Chris Robley Week: Faulkner's South

(antiMusic) With a CD called The Drunken Dance of Modern Man In Love, and a nickname of the Stephen King of Indie Pop, Chris Robley caught our attention. He kept our attention with his moody yet intriguing music. We asked Chris to pick some of his favorite songs from the CD and tell us about each. Here is Chris with today's song "Faulkner's South".

This sad little number is a favorite of mine because I was able to almost entirely recreate the sound and mood I had in my mind when I first wrote it (a comparative description would read something like Randy Newman lyrics with a Burt Bacharach melody performed by Harvest-era Neil Young). There is always some distance between intent and reality when it comes to the recording process. Some songs benefit from this distance. Some suffer. But rarely do they resemble the original idea in any recognizable way. So I'm proud that in this case I closed the distance near entirely.

I remember being stuck in some awful traffic on the I-405 bridge in Portland for about 30 minutes and coming up with the lyrics while staring at the Willamette River below. I don't know what that has to do with the lyrics other than it being a vivid memory. But anyways. The story is basically a person addressing an abusive father on his death bed.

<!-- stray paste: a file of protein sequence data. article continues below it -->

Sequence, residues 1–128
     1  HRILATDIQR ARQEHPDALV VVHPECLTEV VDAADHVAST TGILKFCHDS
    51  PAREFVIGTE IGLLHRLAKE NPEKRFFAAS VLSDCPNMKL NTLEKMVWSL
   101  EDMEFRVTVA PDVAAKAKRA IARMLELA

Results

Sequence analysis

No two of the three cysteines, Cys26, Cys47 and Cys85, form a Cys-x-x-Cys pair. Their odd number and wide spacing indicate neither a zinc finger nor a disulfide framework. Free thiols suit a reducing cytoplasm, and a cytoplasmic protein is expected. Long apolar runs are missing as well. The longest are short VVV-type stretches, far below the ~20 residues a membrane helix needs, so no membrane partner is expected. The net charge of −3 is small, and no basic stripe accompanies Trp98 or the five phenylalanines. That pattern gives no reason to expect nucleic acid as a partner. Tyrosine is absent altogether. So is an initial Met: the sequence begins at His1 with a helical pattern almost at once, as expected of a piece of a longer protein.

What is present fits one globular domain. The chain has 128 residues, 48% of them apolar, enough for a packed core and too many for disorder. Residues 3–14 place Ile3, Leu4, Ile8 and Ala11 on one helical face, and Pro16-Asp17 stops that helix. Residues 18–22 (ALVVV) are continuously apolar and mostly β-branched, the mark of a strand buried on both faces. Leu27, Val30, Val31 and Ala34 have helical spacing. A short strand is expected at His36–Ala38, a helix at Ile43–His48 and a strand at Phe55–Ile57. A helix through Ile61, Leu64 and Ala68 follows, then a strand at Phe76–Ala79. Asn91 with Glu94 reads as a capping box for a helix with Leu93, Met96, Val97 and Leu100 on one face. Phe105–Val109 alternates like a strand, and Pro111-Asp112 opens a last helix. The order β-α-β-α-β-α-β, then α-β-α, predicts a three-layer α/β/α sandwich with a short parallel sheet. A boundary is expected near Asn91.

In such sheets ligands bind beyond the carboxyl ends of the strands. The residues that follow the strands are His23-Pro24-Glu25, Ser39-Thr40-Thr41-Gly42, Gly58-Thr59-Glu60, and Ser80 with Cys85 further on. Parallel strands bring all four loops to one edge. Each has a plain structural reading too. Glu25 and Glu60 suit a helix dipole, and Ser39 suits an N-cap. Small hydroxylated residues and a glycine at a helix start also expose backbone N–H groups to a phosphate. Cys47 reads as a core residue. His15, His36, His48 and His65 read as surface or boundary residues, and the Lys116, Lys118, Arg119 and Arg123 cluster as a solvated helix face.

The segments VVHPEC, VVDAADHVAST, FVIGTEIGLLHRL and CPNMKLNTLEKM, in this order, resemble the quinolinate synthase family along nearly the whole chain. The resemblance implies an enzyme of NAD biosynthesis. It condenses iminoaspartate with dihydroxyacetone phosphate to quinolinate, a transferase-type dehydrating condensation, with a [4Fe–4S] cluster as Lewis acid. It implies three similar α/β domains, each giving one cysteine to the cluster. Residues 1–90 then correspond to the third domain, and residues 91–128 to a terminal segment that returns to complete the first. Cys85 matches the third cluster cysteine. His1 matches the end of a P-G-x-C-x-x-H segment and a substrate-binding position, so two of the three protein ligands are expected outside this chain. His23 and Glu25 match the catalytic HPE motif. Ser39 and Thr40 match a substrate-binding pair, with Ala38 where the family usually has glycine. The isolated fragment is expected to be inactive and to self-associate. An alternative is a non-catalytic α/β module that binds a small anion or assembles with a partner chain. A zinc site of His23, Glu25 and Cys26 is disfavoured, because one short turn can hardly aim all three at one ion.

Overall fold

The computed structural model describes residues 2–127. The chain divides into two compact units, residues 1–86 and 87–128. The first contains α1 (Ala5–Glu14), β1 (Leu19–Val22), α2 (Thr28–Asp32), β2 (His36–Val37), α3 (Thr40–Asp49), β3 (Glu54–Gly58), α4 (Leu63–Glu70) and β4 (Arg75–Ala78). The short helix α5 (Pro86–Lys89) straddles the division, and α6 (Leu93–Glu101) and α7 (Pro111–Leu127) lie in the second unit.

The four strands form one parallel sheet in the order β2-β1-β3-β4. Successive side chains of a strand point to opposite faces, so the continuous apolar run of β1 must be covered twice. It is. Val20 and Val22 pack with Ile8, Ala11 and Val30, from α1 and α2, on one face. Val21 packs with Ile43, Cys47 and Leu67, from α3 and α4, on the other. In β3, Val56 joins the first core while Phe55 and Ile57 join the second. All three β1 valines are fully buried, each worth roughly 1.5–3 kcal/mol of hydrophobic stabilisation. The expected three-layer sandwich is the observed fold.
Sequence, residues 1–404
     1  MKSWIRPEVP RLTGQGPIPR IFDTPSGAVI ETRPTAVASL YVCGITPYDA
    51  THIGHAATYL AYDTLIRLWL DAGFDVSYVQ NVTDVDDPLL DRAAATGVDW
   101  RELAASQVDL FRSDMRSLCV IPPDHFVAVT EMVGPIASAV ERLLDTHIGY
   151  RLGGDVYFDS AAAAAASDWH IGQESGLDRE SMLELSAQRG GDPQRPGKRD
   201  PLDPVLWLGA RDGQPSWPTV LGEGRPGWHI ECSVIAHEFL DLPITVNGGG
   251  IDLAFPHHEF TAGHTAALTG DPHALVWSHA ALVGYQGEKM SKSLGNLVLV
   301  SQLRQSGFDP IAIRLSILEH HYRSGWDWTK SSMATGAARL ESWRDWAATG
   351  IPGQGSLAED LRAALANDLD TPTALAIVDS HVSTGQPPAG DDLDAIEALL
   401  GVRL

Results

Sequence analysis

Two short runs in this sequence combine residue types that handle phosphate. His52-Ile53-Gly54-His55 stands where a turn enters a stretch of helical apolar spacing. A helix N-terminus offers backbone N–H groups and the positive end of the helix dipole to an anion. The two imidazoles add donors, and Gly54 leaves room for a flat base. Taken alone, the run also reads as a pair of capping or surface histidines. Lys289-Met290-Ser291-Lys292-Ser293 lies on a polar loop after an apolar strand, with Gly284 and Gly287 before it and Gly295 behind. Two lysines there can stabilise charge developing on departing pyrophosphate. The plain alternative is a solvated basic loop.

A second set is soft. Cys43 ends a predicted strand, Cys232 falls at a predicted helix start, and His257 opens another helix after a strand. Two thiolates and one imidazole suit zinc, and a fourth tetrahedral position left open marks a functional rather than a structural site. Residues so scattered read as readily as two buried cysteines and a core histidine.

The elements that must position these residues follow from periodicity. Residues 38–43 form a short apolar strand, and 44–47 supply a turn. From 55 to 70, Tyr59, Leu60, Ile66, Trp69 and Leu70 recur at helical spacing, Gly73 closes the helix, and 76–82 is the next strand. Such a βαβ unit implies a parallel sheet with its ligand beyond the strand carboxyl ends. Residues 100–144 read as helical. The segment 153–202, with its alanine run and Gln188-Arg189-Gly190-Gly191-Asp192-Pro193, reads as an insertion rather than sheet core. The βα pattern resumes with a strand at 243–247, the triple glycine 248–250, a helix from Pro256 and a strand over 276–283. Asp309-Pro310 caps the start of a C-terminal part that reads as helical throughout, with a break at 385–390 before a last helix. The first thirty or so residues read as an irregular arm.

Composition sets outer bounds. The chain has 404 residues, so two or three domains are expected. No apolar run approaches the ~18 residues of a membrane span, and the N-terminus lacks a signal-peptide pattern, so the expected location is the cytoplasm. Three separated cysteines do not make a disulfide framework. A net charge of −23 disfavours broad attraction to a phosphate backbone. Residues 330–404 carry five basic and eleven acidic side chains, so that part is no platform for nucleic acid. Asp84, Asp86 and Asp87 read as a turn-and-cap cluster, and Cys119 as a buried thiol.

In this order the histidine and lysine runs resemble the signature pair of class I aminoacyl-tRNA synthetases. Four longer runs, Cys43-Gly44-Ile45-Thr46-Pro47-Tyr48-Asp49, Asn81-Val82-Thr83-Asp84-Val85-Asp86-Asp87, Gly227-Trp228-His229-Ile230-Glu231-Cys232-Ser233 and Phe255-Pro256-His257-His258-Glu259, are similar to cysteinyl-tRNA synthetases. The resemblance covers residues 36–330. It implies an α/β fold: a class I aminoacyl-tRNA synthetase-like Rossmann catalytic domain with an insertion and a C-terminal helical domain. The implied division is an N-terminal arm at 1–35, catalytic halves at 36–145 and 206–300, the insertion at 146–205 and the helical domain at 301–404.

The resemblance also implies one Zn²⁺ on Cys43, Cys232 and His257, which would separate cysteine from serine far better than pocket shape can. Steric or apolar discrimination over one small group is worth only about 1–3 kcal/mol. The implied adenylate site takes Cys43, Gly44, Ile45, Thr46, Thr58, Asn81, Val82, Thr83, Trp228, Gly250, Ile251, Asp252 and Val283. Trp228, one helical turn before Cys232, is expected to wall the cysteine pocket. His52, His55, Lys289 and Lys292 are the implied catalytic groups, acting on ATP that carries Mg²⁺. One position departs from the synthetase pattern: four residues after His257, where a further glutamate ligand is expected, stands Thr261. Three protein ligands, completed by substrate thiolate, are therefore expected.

The narrator's grief is a bit shielded by some protective ambivalence. They keep noticing the commonplace, everyday, mundane nature of this final farewell, and how it would be so much more heightened and romantic were they characters in a book by Faulkner.

I put the acoustic guitar and vocals down first on 24 track tape, with Adam Selzer engineering at Type Foundry. Then I had Arthur Parker come in to play standup bass. Then drums. This is actually my favorite drum part on the whole album, played superbly, subtly, and softly by John Stewart. Adam and I worked with John to strip away Everything from the drum part except the barest essentials so it has that ultra-dry snare and kick sound from the early 70's.

Steve Keeley and Amanda Lawrence (of Loch Lomond) played the string arrangement (which we later looped in reverse to open the album). Paul Brainard played about 6 tracks of pedal steel which we left going all at once, drenched in reverb, to begin and end the song. I finished it off with a few spare touches of Wurlitzer and harmonica. Of course, no self-respecting Harvest homage would fly without harmonica!
Learn more about the CD, listen to the songs and more right here!

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